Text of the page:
The Sun King at Sea
The Sun King at Sea, aims to unsettle a standard picture of art and power during Louis XIV’s reign. Focusing on France’s Mediterranean coast rather than the capital, we examine royal efforts to build a robust galley fleet inspired by ancient conquerors and medieval crusaders and partly powered by esclaves turcs. These rowers, captured or purchased from Islamic lands, occupied the most technically demanding positions at the oar. From a royal perspective, their subjection made galleys into effective sea machines for fighting infidels while countering criticisms about France’s longstanding alliance with the Ottoman Empire. Galleys, however, were not only a top-down production orchestrated by the Crown. In this talk we look closely at a late seventeenth-century shipbuilding manual produced by naval officers in Marseille, which makes a case for the ongoing importance of galleys and enslaved rowers as important manifestations of Mediterranean dominance, chivalric honor and Catholic devotion.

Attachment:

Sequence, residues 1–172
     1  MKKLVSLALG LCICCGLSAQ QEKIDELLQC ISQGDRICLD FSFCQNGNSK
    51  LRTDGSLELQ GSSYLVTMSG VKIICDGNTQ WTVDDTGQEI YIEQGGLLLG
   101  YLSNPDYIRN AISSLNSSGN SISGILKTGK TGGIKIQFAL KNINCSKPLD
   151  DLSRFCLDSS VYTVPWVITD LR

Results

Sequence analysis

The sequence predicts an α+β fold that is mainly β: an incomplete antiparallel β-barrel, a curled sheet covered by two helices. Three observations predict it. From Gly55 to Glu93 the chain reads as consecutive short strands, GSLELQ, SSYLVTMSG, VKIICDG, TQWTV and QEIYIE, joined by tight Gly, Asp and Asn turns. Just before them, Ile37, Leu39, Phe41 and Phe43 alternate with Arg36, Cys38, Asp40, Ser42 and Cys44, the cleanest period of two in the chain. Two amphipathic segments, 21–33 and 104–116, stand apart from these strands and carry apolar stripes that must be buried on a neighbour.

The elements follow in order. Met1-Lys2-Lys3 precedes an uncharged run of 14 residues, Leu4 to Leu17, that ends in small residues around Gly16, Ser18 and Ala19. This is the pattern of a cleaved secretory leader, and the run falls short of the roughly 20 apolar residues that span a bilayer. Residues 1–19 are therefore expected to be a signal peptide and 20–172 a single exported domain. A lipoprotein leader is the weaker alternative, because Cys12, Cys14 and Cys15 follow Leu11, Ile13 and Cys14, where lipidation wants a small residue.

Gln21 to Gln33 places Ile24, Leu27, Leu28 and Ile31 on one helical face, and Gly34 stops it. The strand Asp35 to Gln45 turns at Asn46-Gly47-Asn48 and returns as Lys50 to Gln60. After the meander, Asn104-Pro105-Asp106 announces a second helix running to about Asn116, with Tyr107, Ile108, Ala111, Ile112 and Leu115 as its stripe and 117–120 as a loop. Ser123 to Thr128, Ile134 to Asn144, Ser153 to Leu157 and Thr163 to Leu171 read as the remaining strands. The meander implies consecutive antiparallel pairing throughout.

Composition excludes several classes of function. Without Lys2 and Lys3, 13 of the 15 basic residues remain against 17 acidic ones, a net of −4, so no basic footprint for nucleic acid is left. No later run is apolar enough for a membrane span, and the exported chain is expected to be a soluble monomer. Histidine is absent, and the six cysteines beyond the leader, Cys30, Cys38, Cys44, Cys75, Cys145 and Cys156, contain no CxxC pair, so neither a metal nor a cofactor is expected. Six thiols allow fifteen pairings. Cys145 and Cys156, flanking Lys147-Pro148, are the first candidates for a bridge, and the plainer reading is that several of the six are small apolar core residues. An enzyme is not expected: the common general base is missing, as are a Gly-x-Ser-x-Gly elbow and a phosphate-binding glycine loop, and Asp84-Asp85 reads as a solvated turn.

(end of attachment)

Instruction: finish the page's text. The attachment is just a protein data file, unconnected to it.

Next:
Gillian Weiss is a professor of history at Case Western Reserve University in Cleveland. A scholar of France and the Mediterranean world during the sixteenth, seventeenth, and
eighteenth centuries, she is the author – with Meredith Martin – of The Sun King at Sea: Maritime Art and Galley Slavery in Louis XIV’s France (Getty Research Institute, 2022). Her previous publications include Captives and Corsairs: France and Slavery in the Early Modern Mediterranean (Stanford University Press, 2011; translated into French by Anacharsis in 2014). She is currently writing a book entitled The Money Launderer’s Daughter: A Sephardic Woman and a Slave Rumor in the Seventeenth-Century Mediterranean.